WASHINGTON -- Donald Trump doesn’t appear to be suffering from his combative Cleveland debate performance, at least for now, and it may have helped him. The latest post-debate poll of Iowa Republican voters showed Trump was still enjoying a lead in the first caucus state.

Public Policy Polling, a liberal-leaning survey firm that uses automatic polling software and therefore is not likely to be used in determining future debate participants, found Trump placed first with 19 percent of the GOP support in Iowa. For those who watched the debate, he did even better: 21 percent of those who reported watching it live said they support Trump. Trump had a smaller lead among those who watched only news coverage with clips of the debate, and he was in first place with 15 percent but only holding that lead by a single percentage point. He also tied with Wisconsin Gov. Scott Walker among those who didn't watch the debate at all. 

After Trump’s Thursday night debate appearance, in which he sparred with Fox News anchor Megyn Kelly and with several of the other candidates, some pundits were eager to bury his campaign. The fight has continued to drag on, with Trump hurling insults at Kelly, including an appearance on CNN during which critics said Trump suggested the Fox News anchor’s menstrual cycle contributed to her attitude toward him. Trump disputed that characterization, saying he was talking about blood coming out Kelly’s eyes and nose.

GettyImages-483203188 Donald Trump is leading a Republican primary poll of Iowa after the first GOP debate. Above, Trump with Ohio Gov. John Kasich during a break in the debate Aug. 6, 2015, at the Quicken Loans Arena in Cleveland. Photo: Getty Image/AFP/Mandel Ngan

“Donald Trump’s public fight with Fox News might hurt him in the long run,” said Dean Debnam, president of Public Policy Polling. “But for the time being he continues to lead the pack.”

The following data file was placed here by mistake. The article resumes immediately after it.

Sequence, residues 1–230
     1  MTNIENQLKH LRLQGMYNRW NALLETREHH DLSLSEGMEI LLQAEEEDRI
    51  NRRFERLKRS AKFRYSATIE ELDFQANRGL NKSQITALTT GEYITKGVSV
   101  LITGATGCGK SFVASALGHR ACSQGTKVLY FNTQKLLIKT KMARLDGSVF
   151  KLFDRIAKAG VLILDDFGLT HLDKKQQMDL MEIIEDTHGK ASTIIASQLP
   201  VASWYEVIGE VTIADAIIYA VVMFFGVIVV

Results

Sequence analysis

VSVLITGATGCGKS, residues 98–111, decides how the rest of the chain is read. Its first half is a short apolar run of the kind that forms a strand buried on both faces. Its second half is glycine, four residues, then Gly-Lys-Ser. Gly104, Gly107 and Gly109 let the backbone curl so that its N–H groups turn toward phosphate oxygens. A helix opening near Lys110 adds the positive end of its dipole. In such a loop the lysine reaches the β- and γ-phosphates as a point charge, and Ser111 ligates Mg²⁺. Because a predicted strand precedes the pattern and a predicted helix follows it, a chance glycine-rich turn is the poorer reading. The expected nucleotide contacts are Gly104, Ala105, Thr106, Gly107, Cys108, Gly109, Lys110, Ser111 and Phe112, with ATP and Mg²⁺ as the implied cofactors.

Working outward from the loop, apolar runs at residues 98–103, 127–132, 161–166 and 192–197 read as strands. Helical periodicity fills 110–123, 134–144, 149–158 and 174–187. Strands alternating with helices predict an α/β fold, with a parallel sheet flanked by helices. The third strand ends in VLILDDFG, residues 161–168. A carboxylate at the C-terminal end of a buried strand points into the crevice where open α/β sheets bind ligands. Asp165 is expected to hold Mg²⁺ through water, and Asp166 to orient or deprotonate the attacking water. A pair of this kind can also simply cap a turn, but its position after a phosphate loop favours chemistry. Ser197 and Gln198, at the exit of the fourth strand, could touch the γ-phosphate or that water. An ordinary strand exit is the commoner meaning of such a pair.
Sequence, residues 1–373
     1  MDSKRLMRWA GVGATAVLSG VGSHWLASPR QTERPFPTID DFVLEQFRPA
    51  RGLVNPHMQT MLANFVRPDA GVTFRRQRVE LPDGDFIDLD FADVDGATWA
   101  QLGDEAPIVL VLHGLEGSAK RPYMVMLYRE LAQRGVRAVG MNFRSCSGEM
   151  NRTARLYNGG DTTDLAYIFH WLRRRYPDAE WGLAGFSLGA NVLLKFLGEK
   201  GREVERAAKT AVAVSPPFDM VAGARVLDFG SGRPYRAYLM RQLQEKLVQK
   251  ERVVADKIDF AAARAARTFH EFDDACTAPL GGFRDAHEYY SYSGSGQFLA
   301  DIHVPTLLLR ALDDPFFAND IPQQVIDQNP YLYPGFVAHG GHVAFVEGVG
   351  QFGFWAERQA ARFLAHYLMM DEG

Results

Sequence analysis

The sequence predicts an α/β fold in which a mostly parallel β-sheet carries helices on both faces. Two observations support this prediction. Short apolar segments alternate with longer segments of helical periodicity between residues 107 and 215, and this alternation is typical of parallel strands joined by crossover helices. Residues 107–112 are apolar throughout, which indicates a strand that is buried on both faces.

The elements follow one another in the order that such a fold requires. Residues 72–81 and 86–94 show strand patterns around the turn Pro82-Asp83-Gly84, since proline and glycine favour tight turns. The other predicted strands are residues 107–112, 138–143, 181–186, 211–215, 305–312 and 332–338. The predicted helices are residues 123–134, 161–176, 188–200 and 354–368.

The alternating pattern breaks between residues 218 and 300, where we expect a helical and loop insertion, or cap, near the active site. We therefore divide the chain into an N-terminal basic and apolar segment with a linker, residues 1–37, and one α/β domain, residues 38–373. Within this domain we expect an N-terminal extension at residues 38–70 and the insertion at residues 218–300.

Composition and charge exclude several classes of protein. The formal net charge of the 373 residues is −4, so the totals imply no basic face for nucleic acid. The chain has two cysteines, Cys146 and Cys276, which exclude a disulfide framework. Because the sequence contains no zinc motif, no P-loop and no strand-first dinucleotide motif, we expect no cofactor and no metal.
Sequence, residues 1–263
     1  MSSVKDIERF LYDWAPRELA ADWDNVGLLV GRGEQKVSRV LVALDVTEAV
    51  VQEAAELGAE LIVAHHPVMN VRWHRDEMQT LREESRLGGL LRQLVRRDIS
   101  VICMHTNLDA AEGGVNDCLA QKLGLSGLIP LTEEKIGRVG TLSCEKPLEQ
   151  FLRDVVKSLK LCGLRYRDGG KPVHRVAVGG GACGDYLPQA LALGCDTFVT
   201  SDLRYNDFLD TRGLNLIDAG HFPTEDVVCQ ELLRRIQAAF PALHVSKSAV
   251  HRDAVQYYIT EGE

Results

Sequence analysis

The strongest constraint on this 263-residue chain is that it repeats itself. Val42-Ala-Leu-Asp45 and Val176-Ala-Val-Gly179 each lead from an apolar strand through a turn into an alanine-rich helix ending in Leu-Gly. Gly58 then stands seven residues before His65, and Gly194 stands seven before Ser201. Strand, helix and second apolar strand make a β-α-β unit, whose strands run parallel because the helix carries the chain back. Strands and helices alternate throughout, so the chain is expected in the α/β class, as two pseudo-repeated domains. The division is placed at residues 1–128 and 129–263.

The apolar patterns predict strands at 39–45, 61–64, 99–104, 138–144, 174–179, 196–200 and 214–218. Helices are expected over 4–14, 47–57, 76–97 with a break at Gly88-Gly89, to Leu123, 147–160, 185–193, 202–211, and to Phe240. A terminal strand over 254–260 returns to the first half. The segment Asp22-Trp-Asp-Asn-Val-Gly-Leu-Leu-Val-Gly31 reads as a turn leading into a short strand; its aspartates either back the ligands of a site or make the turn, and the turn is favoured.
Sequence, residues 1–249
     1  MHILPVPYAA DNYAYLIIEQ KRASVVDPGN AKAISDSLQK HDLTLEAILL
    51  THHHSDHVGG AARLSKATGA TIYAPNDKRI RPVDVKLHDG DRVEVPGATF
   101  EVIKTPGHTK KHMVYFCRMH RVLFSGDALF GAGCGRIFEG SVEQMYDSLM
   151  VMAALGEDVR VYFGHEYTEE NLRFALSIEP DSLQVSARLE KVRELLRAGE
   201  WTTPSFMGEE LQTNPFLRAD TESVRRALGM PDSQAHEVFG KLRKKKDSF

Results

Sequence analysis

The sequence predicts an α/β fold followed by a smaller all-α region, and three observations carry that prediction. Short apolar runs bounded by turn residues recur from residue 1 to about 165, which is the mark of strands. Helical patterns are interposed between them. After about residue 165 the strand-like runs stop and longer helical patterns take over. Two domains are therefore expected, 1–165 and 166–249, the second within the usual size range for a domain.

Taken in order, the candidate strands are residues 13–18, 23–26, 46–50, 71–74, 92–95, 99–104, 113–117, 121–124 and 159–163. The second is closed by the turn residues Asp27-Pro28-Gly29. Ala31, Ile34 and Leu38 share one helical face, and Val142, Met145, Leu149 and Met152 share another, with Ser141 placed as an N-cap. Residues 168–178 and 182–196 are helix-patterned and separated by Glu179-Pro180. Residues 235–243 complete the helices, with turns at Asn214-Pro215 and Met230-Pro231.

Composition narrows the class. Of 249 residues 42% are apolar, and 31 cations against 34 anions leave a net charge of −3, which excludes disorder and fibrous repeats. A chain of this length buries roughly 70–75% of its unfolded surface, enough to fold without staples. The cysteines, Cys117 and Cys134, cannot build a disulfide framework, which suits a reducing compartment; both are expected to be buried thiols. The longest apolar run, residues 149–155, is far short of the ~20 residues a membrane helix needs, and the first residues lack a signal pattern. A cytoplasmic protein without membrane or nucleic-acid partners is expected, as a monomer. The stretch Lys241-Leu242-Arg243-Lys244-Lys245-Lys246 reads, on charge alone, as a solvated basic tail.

Trump continues to struggle with high unfavorable marks. The PPP poll found a sharp divide, with 46 percent giving him favorable marks overall but 40 percent negative. The only candidate with higher unfavorable numbers was New Jersey Gov. Chris Christie, with 44 percent.

Trump also did badly among women. Of those polled, 47 percent had an unfavorable position compared to 36 percent that had a favorable opinion of him. Men, however, were 55 percent favorable opinion and 34 percent unfavorable.

Still, Trump was managing to pull in enough supporters despite the avalanche of criticism. The poll asked Republicans what quality they were more concerned about in a candidate: electability or ideology. For those most concerned about ideology, Trump was leading 21 percent. For those who care about electability, he was also winning, with 16 percent.

The poll put Walker and Dr. Ben Carson in second place in Iowa with 12 percent of the vote apiece, 7 percentage points behind Trump. Jeb Bush was in fourth place at 11 percent.

Carly Fiorina saw a bump in the polls after her second-string debate performance that was praised as winning the night. She placed fifth at 10 percent, ahead of Texas Sen. Ted Cruz, who polled at 9 percent and Mike Huckabee and Marco Rubio, who were tied at 6 percent. Previous polls by other polling outlets had Fiorina struggling to get above 3 percent and break into the top 10.